At the center of anthropology is ethnography: the study and description of human cultures.
In a strange way, ethnography should be understood as both a noun and a verb: it is both the resulting description (i.e. “an ethnography”) and a method of discerning, discovering, and revealing, the subtle nuances of the production of meaning in everyday lives (i.e. “ethnographic research”).
An effective ethnography is about de-centering one’s own perspective in order to better understand the perspective of others. It is in this way that the anthropologist can begin to understand how others find and make meaningful courses of action in their own everyday lives. If, for example, we say the discipline of economics is about understanding the cost and benefit of people’s decisions, we should say that anthropology is about understanding what makes those things that someone must decide between more or less valuable to them; not just what contexts, relationships, goals, and ideas are stake, but why those things are constituted as they are in the first place.
In traditional anthropology, this has typically taken the form of long-term fieldwork whereby which a researcher remains in a given place to study a group of people for months, even years at a time. The researcher lives among these people, learns and adopts their habits, goals, attitudes, comes to understand their familial relationships, their economies, traditions, beliefs, problems and ideas from their perspective. In a contemporary applied setting, however, this work is stream-lined and adapted for modern market demands.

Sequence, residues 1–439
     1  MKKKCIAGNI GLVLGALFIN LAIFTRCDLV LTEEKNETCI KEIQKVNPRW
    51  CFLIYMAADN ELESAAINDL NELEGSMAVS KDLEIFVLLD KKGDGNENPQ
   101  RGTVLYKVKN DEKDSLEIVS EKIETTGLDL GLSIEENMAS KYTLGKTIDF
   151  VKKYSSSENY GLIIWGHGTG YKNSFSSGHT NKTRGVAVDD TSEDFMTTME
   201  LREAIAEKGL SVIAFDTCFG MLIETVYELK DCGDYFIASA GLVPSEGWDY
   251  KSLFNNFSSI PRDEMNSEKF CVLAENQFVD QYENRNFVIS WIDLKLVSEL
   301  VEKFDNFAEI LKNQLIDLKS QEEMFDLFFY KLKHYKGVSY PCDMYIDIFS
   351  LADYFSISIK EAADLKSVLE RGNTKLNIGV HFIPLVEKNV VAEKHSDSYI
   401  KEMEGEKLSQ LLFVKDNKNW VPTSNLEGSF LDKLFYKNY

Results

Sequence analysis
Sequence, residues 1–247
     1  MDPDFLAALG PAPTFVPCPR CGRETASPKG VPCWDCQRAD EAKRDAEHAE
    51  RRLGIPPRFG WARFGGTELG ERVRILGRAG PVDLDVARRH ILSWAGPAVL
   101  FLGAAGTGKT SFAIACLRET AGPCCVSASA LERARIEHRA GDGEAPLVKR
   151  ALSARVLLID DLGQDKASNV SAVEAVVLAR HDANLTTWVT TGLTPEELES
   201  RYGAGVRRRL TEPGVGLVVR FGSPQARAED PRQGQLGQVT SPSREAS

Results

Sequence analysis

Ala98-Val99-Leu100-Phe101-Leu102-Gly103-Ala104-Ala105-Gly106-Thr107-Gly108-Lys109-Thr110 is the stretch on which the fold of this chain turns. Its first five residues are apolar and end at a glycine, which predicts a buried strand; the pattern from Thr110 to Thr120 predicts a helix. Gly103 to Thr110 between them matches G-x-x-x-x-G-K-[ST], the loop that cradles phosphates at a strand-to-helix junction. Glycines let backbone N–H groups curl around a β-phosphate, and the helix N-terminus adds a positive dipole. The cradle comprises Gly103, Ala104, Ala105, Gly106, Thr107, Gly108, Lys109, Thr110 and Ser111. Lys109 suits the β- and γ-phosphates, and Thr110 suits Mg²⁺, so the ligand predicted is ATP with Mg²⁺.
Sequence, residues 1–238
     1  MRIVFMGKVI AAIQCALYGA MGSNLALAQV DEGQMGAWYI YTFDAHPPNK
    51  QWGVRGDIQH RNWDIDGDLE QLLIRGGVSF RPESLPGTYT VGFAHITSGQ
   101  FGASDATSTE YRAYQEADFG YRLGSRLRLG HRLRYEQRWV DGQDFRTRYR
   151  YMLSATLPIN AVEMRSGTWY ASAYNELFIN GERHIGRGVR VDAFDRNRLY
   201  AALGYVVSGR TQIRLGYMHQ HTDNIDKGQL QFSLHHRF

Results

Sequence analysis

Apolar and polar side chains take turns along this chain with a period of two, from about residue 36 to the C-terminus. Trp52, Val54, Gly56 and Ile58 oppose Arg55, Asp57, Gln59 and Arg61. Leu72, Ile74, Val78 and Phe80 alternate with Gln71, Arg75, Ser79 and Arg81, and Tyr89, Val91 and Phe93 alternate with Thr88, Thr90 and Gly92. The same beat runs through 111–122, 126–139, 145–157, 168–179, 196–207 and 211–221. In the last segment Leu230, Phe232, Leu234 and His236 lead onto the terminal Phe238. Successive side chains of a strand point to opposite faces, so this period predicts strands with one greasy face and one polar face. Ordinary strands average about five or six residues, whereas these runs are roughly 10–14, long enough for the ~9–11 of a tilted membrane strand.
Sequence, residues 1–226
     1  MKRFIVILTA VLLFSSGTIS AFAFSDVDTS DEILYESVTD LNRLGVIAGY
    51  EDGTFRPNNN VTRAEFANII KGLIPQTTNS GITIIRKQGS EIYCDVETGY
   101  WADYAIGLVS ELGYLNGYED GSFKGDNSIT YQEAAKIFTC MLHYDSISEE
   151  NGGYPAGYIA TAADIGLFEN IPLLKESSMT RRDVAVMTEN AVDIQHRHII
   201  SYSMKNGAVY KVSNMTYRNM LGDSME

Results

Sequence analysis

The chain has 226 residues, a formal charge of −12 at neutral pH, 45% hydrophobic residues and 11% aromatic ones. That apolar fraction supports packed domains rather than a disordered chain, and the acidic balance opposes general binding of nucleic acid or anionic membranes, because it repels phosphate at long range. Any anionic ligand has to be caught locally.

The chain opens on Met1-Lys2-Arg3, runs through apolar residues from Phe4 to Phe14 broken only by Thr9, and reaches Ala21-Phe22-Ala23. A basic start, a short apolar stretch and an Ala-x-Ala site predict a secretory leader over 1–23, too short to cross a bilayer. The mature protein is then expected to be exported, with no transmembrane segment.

Today, in the field of applied anthropology, ethnographers use honed research methods to bring the consumer’s point of view to the design and development of new products and services, and to improve upon existing ones. In these cases, work is conducted over a much shorter time period, over a few months, or even days.
Elizabeth Sanders, an anthropologist working with Microsoft, once stipulated a number of features of modern ethnographic work for business, which are helpful here. Ethnography, she writes:
- Takes place in natural surroundings (as opposed to a laboratory), and so reflects real-world settings;
- Is open to change and refinement throughout the process as new learning shapes future observations;
- Has a goal which is more likely to be exploratory than evaluative; and
- Aims at discovering the point of view of the person or group being studied. People studied in the context of applied anthropology are generally potential consumers or end-users of new or existing products (Sanders 2002; 2).
Ethnographic work has taken a number of forms in recent years, at businesses like Xerox, Reebok, Intel, Motorola, Microsoft, Proctor and Gamble, Coca-Cola, and more. Yet effective ethnography is hard to come by, as highly-trained anthropologists, who conduct real ethnography, are opting to work for governments, development organizations, and non-profits, more so than for-profit corporate environments.
Today, ethnography is useful throughout every stage of the development process. At the earliest “fuzzy” stages, to explore the unmet needs of people at home or work, to alleviate the risk of going after a new market or bringing a new product to market. Ethnography can also validate the usefulness of prototypes at later stages of the development cycle by situating itself in the surroundings most natural to its end-users. Most importantly, and generally, ethnography is useful for understanding how people live with, and experience products and services, in order to refine the next generation of products, policies, and services to be best suited for the goals, attitudes, and socio-cultural circumstances of users.
So to answer the question: does my business need an anthropologist?
About as much as a marathon runner needs shoes.